wow, it makes me feel naive to read things like this...i logically know medical professionals have probs with abuse and it effects work, but i have never seen it (or perhaps never noticed). i think it's terrific that there is confidentiality for those who seek help. those ppl can be successful nurses, docs etc after treatment, the same way a drunk driver can safely manage 2000lbs of car when sober. thank you for bringing this up.
  4. by   Hellllllo Nurse
    Very well written, very poignant, NMSane. I'm glad you wrote the article in kind of a gritty way. This type of article has much more impact and authenticity with some grittiness in the writing.


    I've been a nurse for 15 years, and I have only experienced a co-worker's OD one time.
    Last edit by sirI on Nov 21, '07 : Reason: unnecessary input
  5. by   hellerd2003
    [quote=NMSANE;2502769]Have you ever had a coworker die on you? Yes, really die while at work with you?

    I have, more than once. Each and every one of them stayed dead despite our best efforts - until today.

    Once or twice the death was Mother Nature's way of reminding us who was boss. The other times it was narcotic diversion by a coworker; after all, how many professions have access to narcotics while working? Nurses, Docs, Law Enforcement and similar run the risk of not only using what they come into contact with on the job, but also thinking they know more than average about other drugs and eventually misusing them too. An article I read years ago called this 'pharmaceutical optimism'; I remembered this phrase as I found it so appropriate. Sometimes knowledge is a dangerous thing.>>


    I'm curious about this, because I just completed a lit review on nurse substance abuse as part of completing my MSN, and all the empirically based literature demonstrates that nurses have no higher likelihood of using than do other professions, unless stress levels, burnout, and ease of access are high.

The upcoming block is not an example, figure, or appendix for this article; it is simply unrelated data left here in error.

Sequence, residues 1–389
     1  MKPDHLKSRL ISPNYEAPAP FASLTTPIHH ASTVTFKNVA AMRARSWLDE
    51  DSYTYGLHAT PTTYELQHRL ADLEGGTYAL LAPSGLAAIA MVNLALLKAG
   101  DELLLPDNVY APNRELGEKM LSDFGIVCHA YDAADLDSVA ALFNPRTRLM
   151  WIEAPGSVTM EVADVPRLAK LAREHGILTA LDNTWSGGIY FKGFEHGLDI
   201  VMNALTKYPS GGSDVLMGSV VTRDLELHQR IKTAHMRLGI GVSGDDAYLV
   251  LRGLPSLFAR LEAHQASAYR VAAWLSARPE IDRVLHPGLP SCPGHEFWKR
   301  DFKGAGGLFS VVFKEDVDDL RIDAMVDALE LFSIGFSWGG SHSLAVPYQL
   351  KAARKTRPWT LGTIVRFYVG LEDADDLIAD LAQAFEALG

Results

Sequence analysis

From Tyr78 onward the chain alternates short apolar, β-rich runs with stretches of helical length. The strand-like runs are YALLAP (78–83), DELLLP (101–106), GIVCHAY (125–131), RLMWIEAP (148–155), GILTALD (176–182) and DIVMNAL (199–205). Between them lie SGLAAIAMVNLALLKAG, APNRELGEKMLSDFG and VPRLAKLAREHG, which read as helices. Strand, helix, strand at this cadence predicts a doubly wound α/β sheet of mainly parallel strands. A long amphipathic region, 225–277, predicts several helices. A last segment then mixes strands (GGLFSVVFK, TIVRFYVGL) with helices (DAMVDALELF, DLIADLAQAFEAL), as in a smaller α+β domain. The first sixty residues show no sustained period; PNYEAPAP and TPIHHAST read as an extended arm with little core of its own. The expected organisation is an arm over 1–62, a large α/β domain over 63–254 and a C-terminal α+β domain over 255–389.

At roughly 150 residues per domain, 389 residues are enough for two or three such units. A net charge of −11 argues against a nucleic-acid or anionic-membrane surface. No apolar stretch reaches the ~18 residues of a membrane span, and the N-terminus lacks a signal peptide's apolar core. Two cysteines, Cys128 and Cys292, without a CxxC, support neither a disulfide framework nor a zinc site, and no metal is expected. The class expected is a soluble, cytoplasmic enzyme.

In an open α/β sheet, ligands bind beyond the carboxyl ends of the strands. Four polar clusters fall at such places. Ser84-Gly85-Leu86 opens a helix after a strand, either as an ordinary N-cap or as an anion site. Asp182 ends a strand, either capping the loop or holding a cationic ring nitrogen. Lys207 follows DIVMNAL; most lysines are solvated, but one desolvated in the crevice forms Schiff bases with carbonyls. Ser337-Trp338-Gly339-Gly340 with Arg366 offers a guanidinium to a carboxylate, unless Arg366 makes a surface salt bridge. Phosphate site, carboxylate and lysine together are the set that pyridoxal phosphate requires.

Where do you work that there is such a high rate of use leading to code status? Has the hospital looked at reducing ease of access and/ or stress levels? If so many coworkers are dying due to narcotics diversion, I sure hope the hospital is addressing, at a MINIMUM, ease of access.
  6. by   NurseKymba
    Thank you for your comments and thoughts so far.

    Though it is true that research indicates no more use in the medical/nursing professions than other walks of life, those in the field do tend to misuse more prescription over street drugs as a result of our knowledge and comfort level.

    The particular hospital I worked at back when my coworkers were dropping like flies (Level one trauma center / ostrich-like administration / 4 codes while working over 2 years, but additional losses by suicide) did not address access or stress issues. Access was eventually addressed via DEA intervention/investigation as well as new educators w/ a proactive stance.

    The most recent event brought the past to my present and got me wondering. The recent case was an employee who 'borrowed' a coworker's used duragesic patch - he chewed it to release the fentanyl into his mouth and as a result stopped breathing.

    sigh

    It takes more heroin to make one develop a resp arrest than fentanyl.